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Sara Nam

Sara Nam

Sara Nam is the E4A Technical Support Unit coordinator for MamaYe in Sierra Leone.  Sara is a reproductive health expert with 25 years’ experience in the health sector and extensive experience working in resource-poor countries in both development and humanitarian settings. Sara is a Midwife and holds a PhD in epidemiology from the London School of Hygiene & Tropical Medicine, where she also obtained her MSc in reproductive & sexual health research.

Warnings over Collapse of Health System in the Wake of Ebola in Sierra Leone

Prior to the outbreak there were signs of progress in the country’s public health operation, which are now under threat.

Free Webinars by TechChange on Training of Health workers for Ebola: Protection, Detection and Response

Free interactive webinars in October 2014 from TechChange, mPowering Frontline Health Workers and IntraHealth International.

Resources on Ebola and how you can help

This page provides an overview and links to the key resources available on Ebola Virus disease, EVD, for implementers, planners and those working on the response. It focuses on the response in Sierra Leone and also provides links to grassroots for a where you can be a part, take action and support the response.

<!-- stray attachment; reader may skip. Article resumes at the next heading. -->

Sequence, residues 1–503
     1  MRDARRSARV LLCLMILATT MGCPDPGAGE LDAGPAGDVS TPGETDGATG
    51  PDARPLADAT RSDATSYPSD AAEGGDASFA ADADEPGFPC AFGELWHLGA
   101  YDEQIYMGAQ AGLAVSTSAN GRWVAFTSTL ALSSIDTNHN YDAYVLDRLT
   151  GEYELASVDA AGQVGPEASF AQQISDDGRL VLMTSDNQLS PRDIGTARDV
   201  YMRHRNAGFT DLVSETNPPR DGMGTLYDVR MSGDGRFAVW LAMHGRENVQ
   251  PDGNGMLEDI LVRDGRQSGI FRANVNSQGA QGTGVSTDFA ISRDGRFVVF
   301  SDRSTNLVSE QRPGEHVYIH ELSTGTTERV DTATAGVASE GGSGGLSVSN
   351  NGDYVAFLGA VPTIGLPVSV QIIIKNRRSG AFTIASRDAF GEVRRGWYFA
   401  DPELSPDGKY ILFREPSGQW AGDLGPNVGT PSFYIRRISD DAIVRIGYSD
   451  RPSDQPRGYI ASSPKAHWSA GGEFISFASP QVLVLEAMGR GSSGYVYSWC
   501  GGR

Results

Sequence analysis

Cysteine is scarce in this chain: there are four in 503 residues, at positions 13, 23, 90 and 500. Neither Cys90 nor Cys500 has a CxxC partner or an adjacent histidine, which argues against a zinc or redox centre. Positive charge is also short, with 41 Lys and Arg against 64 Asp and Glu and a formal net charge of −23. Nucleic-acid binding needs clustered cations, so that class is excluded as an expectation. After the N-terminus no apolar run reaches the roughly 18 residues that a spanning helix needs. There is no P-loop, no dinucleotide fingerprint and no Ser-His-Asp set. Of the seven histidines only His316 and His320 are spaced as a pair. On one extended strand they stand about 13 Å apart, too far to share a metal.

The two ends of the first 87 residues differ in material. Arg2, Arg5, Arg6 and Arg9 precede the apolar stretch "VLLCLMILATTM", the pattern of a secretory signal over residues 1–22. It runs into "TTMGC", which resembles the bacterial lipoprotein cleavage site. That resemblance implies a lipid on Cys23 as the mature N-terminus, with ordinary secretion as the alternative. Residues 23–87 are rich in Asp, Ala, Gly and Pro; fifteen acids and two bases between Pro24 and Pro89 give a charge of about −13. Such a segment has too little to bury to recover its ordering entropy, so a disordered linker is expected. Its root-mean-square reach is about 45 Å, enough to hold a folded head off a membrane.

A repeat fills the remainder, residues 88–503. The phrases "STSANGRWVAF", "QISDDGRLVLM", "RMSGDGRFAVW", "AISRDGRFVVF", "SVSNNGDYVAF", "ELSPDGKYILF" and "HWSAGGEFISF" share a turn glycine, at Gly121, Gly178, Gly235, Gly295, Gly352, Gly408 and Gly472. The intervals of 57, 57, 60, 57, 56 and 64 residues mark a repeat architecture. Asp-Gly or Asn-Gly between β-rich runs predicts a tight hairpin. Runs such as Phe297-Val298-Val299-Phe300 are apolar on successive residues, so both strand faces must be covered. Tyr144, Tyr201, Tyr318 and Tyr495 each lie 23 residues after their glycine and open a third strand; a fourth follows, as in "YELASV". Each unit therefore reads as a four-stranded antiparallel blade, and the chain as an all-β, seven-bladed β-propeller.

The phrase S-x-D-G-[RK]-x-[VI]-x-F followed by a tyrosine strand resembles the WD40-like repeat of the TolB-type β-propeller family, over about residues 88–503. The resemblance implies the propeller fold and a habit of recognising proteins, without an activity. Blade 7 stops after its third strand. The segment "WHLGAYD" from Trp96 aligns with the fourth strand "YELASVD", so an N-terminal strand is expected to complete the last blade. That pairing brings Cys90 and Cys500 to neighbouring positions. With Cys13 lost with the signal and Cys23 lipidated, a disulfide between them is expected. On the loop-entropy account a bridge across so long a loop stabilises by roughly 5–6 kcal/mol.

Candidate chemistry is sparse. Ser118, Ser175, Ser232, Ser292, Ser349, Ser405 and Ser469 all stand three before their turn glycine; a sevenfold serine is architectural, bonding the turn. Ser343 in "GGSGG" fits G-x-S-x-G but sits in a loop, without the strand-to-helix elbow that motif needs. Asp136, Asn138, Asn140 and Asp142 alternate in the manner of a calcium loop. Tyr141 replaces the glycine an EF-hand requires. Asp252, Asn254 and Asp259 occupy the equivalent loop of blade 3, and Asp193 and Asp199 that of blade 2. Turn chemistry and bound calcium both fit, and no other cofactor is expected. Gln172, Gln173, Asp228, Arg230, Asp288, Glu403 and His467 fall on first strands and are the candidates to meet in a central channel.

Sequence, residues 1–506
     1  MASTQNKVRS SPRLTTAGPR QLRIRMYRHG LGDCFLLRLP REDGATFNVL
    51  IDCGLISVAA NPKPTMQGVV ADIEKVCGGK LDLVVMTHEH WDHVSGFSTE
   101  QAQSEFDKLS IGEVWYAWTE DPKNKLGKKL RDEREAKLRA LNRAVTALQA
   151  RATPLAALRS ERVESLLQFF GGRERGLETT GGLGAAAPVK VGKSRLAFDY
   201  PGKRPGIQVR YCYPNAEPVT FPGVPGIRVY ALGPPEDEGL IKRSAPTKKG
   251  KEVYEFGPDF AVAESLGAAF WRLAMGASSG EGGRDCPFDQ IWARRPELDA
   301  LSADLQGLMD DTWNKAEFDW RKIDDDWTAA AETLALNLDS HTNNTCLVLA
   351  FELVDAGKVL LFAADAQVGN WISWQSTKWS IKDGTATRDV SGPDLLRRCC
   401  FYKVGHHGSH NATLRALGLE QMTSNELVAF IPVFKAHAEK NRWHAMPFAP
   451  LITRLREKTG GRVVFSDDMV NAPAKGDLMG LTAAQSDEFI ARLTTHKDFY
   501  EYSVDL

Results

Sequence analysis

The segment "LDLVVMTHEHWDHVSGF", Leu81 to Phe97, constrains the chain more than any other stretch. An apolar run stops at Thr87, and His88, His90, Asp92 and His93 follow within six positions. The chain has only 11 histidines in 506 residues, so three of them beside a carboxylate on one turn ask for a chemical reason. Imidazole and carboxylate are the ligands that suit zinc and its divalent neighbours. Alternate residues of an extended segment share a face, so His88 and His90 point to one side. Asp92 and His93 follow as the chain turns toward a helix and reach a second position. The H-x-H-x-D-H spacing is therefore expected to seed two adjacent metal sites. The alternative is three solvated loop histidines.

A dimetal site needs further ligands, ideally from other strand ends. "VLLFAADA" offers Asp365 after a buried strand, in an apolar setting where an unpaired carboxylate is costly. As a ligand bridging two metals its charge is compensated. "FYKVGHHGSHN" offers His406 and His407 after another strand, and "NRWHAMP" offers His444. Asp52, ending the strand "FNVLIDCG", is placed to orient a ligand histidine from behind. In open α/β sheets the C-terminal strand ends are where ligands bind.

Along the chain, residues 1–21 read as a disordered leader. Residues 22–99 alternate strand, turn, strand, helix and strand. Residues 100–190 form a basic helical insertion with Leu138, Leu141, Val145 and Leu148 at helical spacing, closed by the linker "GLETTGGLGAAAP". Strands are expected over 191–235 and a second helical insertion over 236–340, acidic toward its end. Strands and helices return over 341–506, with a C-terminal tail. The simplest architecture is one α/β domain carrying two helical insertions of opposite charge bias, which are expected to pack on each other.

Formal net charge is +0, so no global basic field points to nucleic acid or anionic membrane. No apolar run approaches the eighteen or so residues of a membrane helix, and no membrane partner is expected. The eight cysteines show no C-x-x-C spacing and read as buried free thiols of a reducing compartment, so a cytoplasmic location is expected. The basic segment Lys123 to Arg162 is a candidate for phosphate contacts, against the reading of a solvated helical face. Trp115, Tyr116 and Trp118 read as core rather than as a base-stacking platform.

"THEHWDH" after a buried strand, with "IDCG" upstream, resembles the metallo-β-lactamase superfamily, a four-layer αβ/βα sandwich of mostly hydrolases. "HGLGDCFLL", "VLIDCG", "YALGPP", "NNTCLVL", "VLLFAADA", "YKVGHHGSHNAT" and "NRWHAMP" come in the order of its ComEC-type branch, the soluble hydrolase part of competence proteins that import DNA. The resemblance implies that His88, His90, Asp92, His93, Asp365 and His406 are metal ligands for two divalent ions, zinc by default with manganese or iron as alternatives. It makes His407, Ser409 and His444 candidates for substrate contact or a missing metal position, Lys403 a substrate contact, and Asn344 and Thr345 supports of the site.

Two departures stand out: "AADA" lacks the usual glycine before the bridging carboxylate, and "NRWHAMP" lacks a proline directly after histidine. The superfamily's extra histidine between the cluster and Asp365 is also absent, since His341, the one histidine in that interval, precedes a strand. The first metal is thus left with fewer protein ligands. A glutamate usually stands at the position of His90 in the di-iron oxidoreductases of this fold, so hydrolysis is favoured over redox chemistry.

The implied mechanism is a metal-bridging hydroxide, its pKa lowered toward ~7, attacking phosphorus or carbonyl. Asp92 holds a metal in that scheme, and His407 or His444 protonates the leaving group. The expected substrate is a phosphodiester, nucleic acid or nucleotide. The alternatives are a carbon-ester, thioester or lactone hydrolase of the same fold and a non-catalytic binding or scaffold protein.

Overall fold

Volunteers urgently needed for Ebola response in Sierra Leone

Volunteers are urgently needed to assist in the DFID-led emergency response to Ebola in Sierra Leone.

Save the Children International recruiting clinical staff and health managers for Ebola response in Sierra Leone and Liberia

Save The Children Recruiting for Ebola Response in Sierra Leone and Liberia as part of the UK Government's response to the outbreak.

A story of blood and dedication

Read about MamaYe's research in support of voluntary blood donation, and why this might also be valuable support the Ebola response.

MamaYe celebrates International Day of the Rural Women

Rural women play a critical role in the rural economies of both developed and developing countries through their activities in agriculture and rural enterprises which contribute to local and global economies. But they are disadvantaged in accessing emergency obstetric and neonatal care, because of geography, local support, autonomy, culture, finance, and ergonomics. This contributes to higher maternal mortality rates.

A vision for midwifery in Sierra Leone

In early July, UNFPA and the International Confederation of Midwives (ICM) held a three-day workshop that aims to strengthen the profession in Sierra Leone.

To empower women, don't forget the men

The award-winning Fambula Initiative Network for Equality (FINE) is doing innovative work in Sierra Leone. They are working with men to turn around cultural norms that negatively impact women’s empowerment, including expanding their access to family planning and reproductive health services.